Wednesday, January 19, 2011

Mountain Mist Strategy

I've learned from a few people lately that strategizing about a race is a good idea. It may seem like common sense for most, but for me I never thought much about why to use the elevation profile, why to specifically segment a race mentally, or why you should pick places to surge or slow down. But when you are trying to shave minutes off of already good times, it is the details like this that do matter. Rick proved this theory to me when he studied the elevation profile before the Marshall Marathon and decided on his strategy from there, and he used this smart thinking to help him take nearly 2 minutes off of his old PR (see here). It's a lesson to me that knowing the course and how you plan to attack it can help you perform your best.
Fellow Fleet Feet team member Eric Fritz helped me also start the initial plan for my Mountain Mist time by introducing me to "A-B-C" goals. This is simple really. He says that you should have three goals for any race--the "A" goal, or what you would ideally get in the race, the "B" goal, or what you would still be happy to get, and the "C" goal, or your least of the three and your "I'll take it" kind of goal. As I thought about this year's Mountain Mist, I decided to make my "A" goal to break 6 hours, my "B" goal to get between a 6:06 and a 6:17, and my "C" goal to finish sub-7 hours. I came up with the "A" goal based on the fact that I've broken 6 hours once before (in 2004), and my marathon times this year are close to what I was doing back then. Plus now I have more experience than I did back then, and, hey, I'd like to think that I'm tougher now and I want it more! This goal seems both achievable and challenging. As my "B" goal, I would be happy to be between a 6:06 (my second best time ever) and a 6:17 (my third best time ever). And I think my "C" goal is very achievable, since the only time I've gotten over 7 hours was when I was not in very good shape. Of course, I could fall or get injured and then not finish at all or finish in 8 hours (the maximum time allowed). But these things are not ideal!
Secondly, Eric suggested to use strategy to attack the three main hills in the course--K2, Waterline, and Rest Shelter Hill. He recommends using a walk approach to these hills and allowing 20 minutes time for each of the hills (as these segments are roughly a mile a piece). This then subtracts nearly 3 miles and one hour off of the part of the race that can feasibly be run (by us "normal" people anyway--I am aware that some trail runners run these hills). So you are really looking at 27 miles of somewhat non-hilly race to be run. In order to figure out what my running pace should be for these 27 miles, I located a pace calculator and entered "5 hours" (the "A" goal's time left over minus the hills) and "27 miles," and I got 11 minutes and 06.66 seconds. So I should run faster than an 11:06 pace for those 27 miles. Gulp. That seems pretty fast given that these trails are pretty rocky and muddy and may even be icy on Saturday. And one more thing getting in my way--Rick may be using the Garmin (if he can start the race he will have it on). So now I am thinking to print up a "cheat sheet" with the aid stations and the time I should have at each of these stations listed on it. This will help me use strategy to stay on track during the race.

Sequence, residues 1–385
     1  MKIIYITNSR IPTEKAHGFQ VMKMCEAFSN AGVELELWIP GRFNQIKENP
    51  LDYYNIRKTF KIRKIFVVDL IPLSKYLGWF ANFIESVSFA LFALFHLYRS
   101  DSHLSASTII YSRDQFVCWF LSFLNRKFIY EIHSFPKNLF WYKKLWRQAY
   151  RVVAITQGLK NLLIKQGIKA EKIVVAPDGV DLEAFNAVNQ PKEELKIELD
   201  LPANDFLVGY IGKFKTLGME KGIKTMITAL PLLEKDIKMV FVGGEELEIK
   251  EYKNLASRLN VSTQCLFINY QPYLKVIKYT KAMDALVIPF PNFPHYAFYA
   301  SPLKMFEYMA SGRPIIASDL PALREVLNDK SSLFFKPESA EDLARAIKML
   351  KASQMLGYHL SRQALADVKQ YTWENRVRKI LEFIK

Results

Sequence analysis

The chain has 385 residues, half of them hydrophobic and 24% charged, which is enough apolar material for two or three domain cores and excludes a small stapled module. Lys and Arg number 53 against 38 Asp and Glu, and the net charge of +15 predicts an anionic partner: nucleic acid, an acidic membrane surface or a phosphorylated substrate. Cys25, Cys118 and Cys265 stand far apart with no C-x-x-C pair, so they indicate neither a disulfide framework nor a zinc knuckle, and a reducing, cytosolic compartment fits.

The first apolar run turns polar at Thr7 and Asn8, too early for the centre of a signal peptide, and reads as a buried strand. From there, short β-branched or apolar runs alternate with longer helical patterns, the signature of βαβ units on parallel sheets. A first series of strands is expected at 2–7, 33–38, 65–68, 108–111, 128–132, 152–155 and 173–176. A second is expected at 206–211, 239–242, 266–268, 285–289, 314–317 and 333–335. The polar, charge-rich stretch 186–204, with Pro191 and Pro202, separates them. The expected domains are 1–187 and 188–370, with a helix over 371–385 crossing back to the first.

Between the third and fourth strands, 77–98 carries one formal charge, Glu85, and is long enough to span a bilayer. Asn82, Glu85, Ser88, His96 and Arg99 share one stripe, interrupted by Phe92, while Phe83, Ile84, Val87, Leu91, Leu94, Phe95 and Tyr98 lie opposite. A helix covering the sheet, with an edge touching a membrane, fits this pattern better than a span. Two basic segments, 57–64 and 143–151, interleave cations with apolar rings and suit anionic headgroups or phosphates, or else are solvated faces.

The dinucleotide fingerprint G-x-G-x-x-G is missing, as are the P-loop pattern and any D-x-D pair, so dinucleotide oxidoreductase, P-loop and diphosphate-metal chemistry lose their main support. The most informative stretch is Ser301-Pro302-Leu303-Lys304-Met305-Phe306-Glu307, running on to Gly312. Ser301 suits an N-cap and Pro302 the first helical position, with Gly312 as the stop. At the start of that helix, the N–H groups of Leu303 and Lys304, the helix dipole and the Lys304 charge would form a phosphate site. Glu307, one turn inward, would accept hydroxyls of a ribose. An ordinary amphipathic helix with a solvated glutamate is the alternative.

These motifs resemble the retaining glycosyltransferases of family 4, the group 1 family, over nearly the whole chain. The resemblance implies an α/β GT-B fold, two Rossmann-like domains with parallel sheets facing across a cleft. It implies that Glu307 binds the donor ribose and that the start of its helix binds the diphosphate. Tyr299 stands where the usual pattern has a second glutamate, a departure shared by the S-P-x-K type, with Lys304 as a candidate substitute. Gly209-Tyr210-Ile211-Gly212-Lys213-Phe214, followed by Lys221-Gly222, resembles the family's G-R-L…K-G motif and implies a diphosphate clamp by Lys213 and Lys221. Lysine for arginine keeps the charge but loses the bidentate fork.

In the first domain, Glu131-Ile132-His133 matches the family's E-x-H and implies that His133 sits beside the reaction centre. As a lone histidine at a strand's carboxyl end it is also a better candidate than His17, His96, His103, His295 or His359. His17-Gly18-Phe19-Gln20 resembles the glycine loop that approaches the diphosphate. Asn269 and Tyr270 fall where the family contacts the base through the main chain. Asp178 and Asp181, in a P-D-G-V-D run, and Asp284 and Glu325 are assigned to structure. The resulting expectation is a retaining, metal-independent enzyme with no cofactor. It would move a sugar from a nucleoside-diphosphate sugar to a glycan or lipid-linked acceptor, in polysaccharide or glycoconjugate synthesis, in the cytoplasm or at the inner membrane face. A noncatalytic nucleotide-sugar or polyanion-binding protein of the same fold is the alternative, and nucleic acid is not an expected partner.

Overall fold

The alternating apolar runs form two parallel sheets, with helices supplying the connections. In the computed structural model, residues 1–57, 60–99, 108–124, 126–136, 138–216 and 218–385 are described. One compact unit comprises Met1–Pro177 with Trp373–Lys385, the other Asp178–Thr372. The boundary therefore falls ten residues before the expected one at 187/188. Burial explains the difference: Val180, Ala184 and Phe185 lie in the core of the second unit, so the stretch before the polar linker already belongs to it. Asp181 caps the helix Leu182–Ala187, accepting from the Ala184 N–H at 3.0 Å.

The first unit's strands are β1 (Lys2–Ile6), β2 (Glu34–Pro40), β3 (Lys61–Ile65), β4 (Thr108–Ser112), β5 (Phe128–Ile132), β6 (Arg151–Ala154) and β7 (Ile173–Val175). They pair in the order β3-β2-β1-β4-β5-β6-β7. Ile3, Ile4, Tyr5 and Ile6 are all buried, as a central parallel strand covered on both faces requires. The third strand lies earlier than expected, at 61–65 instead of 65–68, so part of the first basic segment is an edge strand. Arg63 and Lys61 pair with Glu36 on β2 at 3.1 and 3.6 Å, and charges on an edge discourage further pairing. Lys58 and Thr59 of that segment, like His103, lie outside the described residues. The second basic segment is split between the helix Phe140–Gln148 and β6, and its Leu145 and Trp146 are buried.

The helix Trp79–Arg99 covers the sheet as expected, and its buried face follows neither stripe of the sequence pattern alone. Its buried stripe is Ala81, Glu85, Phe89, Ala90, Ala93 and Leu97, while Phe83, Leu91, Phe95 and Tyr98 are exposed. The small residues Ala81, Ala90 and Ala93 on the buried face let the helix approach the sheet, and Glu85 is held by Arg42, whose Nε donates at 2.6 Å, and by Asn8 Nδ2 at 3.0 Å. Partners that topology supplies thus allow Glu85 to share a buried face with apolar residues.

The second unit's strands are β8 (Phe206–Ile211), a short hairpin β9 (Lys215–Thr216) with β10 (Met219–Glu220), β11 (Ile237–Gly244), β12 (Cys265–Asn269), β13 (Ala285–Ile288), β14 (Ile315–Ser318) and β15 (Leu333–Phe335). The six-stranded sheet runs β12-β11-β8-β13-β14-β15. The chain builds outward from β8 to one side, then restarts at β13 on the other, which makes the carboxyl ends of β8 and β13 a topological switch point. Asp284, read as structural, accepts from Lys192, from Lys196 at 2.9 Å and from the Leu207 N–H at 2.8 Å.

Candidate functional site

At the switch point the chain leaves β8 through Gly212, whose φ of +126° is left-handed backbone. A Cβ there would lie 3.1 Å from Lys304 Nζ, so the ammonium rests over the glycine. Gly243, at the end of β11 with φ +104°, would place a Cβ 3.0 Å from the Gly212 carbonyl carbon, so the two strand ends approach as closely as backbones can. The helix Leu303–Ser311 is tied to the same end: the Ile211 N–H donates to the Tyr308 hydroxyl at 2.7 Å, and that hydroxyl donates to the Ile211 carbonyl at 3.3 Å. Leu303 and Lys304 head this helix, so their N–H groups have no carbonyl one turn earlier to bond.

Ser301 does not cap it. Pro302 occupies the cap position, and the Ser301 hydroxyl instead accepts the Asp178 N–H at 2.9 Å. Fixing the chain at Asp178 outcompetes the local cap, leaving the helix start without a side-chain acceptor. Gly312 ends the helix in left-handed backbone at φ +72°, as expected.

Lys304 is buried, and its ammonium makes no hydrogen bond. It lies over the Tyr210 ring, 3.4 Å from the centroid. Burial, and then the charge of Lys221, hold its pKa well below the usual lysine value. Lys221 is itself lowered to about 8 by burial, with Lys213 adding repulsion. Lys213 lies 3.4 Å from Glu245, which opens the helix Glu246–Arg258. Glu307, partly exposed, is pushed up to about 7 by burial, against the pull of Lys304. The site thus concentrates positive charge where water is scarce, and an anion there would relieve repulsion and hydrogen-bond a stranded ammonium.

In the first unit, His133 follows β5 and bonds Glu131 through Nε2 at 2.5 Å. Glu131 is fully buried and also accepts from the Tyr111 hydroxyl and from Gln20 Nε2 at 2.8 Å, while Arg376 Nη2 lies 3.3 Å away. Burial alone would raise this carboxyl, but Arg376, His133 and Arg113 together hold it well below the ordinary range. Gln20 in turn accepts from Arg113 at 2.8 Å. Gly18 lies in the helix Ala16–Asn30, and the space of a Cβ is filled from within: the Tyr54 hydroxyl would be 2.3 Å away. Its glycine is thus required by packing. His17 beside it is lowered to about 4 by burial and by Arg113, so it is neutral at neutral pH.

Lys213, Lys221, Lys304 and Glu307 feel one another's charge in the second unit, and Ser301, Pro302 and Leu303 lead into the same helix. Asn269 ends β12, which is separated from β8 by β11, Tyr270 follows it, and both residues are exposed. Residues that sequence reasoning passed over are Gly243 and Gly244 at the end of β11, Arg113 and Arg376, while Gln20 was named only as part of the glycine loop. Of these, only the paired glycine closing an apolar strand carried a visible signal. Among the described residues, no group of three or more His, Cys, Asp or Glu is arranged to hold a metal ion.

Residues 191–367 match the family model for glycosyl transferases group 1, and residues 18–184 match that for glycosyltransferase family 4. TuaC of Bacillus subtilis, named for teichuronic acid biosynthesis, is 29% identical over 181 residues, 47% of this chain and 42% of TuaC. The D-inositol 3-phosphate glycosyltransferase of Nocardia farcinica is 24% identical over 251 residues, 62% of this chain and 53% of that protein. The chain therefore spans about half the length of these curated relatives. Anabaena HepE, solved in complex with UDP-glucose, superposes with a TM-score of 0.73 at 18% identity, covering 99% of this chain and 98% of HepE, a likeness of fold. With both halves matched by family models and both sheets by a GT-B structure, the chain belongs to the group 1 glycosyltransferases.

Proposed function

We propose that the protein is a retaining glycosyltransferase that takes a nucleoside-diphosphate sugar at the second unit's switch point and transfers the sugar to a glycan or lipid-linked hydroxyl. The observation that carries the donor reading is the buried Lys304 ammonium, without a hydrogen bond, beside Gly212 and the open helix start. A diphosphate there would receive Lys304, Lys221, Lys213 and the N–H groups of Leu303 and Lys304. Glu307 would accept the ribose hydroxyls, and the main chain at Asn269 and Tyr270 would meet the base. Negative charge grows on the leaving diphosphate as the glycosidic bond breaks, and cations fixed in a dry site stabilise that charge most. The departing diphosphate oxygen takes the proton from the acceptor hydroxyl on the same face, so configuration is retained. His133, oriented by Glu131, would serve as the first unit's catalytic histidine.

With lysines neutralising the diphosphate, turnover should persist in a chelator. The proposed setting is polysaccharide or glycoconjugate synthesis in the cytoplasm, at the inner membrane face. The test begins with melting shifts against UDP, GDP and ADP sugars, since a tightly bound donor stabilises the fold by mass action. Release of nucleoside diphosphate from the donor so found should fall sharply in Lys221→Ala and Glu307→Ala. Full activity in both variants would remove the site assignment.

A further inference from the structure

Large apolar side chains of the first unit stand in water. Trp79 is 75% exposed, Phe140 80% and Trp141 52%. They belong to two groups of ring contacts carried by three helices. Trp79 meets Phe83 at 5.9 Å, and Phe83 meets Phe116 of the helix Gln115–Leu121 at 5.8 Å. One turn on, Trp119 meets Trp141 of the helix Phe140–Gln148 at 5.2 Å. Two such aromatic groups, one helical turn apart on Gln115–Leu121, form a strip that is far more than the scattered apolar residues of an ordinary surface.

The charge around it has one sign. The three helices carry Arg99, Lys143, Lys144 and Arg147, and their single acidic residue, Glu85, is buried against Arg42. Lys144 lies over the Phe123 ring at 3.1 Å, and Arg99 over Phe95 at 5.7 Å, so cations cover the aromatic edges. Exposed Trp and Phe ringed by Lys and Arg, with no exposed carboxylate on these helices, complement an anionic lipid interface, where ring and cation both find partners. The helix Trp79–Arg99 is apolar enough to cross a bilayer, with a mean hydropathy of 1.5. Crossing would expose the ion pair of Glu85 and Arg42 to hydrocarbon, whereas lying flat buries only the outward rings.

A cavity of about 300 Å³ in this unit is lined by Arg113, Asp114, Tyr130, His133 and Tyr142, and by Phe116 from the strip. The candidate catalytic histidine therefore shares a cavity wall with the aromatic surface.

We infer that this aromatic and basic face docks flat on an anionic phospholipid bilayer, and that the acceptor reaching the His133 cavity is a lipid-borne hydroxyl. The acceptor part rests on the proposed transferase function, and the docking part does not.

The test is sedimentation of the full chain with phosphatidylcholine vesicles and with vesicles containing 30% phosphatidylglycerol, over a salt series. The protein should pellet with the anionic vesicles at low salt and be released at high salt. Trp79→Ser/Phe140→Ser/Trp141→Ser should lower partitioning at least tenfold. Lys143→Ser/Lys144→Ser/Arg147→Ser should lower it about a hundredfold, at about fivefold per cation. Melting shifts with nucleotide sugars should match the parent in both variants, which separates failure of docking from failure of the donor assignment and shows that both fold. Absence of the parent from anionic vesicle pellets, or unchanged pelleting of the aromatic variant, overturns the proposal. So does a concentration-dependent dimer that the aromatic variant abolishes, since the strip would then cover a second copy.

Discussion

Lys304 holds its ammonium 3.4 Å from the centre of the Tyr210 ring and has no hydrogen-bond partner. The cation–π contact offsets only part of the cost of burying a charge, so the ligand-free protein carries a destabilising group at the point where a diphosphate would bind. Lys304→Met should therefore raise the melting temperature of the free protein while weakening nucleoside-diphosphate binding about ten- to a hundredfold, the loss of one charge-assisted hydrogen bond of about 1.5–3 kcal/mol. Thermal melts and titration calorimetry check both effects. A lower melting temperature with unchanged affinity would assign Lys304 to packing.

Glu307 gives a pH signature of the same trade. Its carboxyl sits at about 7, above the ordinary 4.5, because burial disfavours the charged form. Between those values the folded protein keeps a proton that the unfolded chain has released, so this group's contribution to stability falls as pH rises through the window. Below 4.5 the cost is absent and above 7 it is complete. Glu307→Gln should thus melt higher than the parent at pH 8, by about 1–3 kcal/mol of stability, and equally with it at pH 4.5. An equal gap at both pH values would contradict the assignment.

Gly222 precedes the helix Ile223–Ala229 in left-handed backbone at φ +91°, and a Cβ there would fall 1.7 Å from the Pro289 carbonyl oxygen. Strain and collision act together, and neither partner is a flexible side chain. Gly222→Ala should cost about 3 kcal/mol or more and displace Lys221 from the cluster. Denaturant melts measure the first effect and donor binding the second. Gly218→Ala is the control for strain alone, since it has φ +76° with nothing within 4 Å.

Here is that infamous segment from our race instructions emailed to us runners today from Suzanne Taylor:
"You are the one responsible for entering this race, you better be prepared for the course itself. The rocks will have no mercy. I have seen this course rip apart many a "good trail runner." Mountain Mist is trail running in its finest form. No one is ever let down, just shut down, beaten up, broken and left bleeding. You first timers beware, this course may cause you bodily harm. Even though you have entered the race and paid the fee...YOU CAN STILL BACK OUT! No one will laugh at you, just tell them your family still needs you and you want to continue running in the future, they'll understand! Otherwise, "know your limits and then completely ignore them." "
After chuckling about how some first timers may be nervously reading that like I once did, I enjoyed reading through the list of entrants for the race.
I came across this:
29 XL Rob Apple 49 Murfreesboro, TN 573
The number on the far right is number of ultras run. Oh my goodness!! I will be in the same race as a guy who has done 573 ultramarathons?!?!
You can read all about Mountain Mist and see more of the incredible competitors in this race here.


  1. That is a great strategy, my friend! And I like the A,B,C goal thing. I think I will do that for Mercedes. I'm just not sure what the A goal should be. I don't want to reach too high and freak myself out like I did last time. But I still want to reach.

    Anyway, I can't wait to hear how it went. I am excited for you! I think you can do it and I am rooting for you A goal.

    And 573 ultras? OH. MY. WORD!

  2. 573 Ultras at age 49! That is insane!
    Sending prayers your way for a great race that exceeds your expectations.
    I love that Suzanne says "know your limits and the completely ignore them". It's that mindset that make you stronger.

  3. Hi Jane, Reach high with the A goal! I know you can do it! I think you are going to try for the 3:50, right?
    April, it is so hard to completely ignore your limits-especially when you are a mother to young children who need you! But I will try to be as safe as I can tomorrow while still having fun and finishing before it gets dark :)
    Thank you both for the encouragement!